Sure, as that's true of any industry. The "problem" is we don't know which it will be, and they'll have to battle it out. I don't really see Qualcomm as a server company, though. I don't think they have their hearts in it. Nvidia, Applied Micro and either Calxeda or AMD will be the third.
But again, it's very premature to call it out now. We still have at least 5 major players (Samsung, Qualcomm, Nvidia, Mediatek and Apple) in the mobile chip market, and it's a much more mature market than the ARM server market, so we're a long way until we know for sure.
What exactly is an ARM server chip? ARMv8 with 10G networking? Seems like a good combo for embedded networking applications also. Seems to me the best approach is still to provide a selection of generic, expandable interfaces, and most roadmaps I've seen (and I've seen quite a few) the chips will offer PCIe, USB3, SATA and 1G in addition to 10G or more.
I think you may be right as far as the number of vendors who end up inside the bulk of server shipments, but again, what exactly is an ARM server chip anyway?
The ARM site lists 49 Mobile SOC IP vendors, that would be too many by how much in your opinion?
That's the ARM way, lots of vendors, competing often by carving out a unique niche in the ecosystem.
I guess maybe twice to three times, 16-32 ARM server vendors is possible. Think of the different things servers may do. The silicon needed for a render farm is different to a mass video encoding (YouTube) . Different again to a highly transactional database (banking), again to Data Wharehouse analytics. All with different compute, data latency, data throughput requirements.
Efficiency through specialisation.
ARM's A9 & A15 cores will do just fine for :
HTC = High Throughput Computing
and not really for :
HPC = High Performance Computing
A15 need to put a cap on its peak power consumption in the range of less than 2 watts/core should be the target in the longer run.
Many-many, too-many cores will help to build next-gen data centre ARM server processor.
Data centre server processor should handle maximum small threads in the range of 16/32/64/128 simultaneously.
Data centre software threads are not compute (math) intensive and hence having many-many cores to handle many-many threads on a single chip will lead to increased energy efficiency and lower operating cost.
I am guessing he is about 3 too high on the count of survivors. What exactly can an ARM server core do than an undervolted x64 can't? And all that software that needs to be rewritten, retested, and recertified. It's not exactly that Intel will allow itself to be seriously underpriced, and this removes the only possible way these things can make inroads. Plus finfets should let them drop supply voltage even further. I smell an Itanium.
APM, Calxeda, Cavium, HiSilicon/Huawei, Marvell, Nvidia, Qualcomm, Samsung, TI are addressing ARM-derivative Server.
Three original contenders; Calxeda, Marvell, APM were well categorized; low, mid, high perf segments.
Calxeda & Marvell initial efforts have been shielded from Intel on unique 32 bit engines which Intel does not address in portfolio. Switch in SOC this analyst suspects from Intel during 26 nm gate length run end before true 22 nm shrink; exposes Intel to political issues among NIC, switch & route compliments in Intel server environment.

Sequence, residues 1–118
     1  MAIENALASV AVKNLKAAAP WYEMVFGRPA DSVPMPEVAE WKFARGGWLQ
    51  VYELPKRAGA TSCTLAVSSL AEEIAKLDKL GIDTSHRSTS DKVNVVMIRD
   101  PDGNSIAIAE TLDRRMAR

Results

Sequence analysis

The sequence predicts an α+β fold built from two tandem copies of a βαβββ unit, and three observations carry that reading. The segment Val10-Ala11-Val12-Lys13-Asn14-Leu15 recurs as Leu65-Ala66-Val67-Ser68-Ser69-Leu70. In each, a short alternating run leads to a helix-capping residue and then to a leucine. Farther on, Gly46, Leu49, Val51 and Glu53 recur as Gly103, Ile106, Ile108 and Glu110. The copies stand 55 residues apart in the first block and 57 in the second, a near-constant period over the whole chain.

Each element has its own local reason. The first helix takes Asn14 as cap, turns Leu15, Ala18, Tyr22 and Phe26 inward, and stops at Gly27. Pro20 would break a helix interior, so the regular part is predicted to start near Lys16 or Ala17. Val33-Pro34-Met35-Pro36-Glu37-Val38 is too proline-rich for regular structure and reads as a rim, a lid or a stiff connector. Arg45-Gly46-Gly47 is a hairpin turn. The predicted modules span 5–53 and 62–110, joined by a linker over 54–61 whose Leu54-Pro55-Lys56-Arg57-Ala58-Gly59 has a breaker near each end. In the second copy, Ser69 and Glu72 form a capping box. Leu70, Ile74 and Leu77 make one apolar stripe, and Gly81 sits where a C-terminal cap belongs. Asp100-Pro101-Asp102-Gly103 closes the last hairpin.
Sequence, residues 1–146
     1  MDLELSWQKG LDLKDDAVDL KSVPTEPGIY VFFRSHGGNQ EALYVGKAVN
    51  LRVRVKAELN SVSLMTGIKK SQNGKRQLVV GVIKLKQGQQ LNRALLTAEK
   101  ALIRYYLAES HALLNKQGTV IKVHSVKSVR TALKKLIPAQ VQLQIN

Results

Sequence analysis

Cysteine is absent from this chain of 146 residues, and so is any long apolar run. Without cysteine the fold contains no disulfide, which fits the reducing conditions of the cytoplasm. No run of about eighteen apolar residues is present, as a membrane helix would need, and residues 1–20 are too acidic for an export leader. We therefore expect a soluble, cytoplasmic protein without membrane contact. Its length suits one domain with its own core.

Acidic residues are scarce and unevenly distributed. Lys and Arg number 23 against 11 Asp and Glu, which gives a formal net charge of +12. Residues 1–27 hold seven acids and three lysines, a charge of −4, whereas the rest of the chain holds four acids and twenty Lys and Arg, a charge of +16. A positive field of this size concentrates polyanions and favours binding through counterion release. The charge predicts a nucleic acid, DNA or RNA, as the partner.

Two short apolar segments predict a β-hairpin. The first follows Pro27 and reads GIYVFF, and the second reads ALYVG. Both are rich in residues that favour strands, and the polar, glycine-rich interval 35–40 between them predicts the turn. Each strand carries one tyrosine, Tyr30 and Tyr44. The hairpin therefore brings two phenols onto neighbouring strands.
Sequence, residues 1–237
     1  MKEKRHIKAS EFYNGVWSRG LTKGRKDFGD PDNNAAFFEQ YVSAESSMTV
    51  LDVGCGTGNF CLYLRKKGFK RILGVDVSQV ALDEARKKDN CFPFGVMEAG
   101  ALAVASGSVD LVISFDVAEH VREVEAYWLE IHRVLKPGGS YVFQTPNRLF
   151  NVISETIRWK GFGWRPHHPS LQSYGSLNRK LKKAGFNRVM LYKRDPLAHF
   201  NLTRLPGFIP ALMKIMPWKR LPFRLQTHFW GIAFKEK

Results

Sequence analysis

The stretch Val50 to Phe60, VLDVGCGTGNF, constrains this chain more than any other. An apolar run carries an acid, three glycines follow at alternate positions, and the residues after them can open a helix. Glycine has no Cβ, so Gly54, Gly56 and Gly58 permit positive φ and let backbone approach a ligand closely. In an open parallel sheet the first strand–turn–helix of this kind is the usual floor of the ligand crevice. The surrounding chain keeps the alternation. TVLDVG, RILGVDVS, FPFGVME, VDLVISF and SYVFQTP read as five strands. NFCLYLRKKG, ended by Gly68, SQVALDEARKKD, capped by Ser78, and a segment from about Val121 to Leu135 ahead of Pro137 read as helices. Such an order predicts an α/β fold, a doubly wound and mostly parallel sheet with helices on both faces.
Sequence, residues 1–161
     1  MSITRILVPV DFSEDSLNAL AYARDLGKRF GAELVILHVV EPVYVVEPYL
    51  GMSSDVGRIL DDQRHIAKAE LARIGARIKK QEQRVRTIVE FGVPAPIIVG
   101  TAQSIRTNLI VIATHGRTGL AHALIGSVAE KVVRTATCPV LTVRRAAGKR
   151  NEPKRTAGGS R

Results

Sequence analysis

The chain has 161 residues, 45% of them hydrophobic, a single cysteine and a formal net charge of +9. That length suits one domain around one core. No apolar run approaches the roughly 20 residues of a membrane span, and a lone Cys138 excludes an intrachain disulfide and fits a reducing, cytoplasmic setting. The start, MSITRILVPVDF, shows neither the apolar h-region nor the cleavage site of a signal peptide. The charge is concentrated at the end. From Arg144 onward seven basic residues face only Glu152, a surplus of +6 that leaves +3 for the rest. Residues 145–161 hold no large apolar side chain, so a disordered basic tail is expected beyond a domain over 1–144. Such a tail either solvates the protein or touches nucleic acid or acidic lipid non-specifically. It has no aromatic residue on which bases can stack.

Nvidia & TI appear uniquely segmented into HPC, where TI w/DSP accelerator and Nvidia w/GPU ala CUDA on ARM control plane address FLOPs instead of MIPS and IOPS.
Analyst suspects Nvidia large multicores v Intel Atom Octa and bridge power reduction between discrete CPUs on blades.
Needless to say end market is pressing for ARM 64-bit, and as usual, ARM willingly licensees all comers to see what sticks.
ARM under financial pressure in slow market seeks a royalty hedge; insurance. Where Intel has won 3 out of first 4 ARM offensive moves into notebook, Smart TV & Signage where Intel won without a fight, where in server Calxeda does reach first base, only A15 in phones and tablets brought in ARM base holders.
Intel has ARM cluster surrounded in its strongholds and ARM Ltd. is feeling the squeeze.
Intel’s crush campaign targeting ARM and AMD has been especially effective dumping 24,993,201 Sandy Bridge Celeron at cost last & current quarter.
Celeron dumping will be followed by 25 million dumped ATOMs & Ivy Bridge sludge through first half of 2013.
Finally, Intel confidence agents have been effective curbing ARM ability to compete by disabling ARM Ltd’s strategic marketing functions on all the old hazards of Intel relations and the politics of Intel Imperial Court.
What are the engineering and design challenges in creating successful IoT devices? These devices are usually small, resource-constrained electronics designed to sense, collect, send, and/or interpret data. Some of the devices need to be smart enough to act upon data in real time, 24/7. Are the design challenges the same as with embedded systems, but with a little developer- and IT-skills added in? What do engineers need to know? Rick Merritt talks with two experts about the tools and best options for designing IoT devices in 2016. Specifically the guests will discuss sensors, security, and lessons from IoT deployments.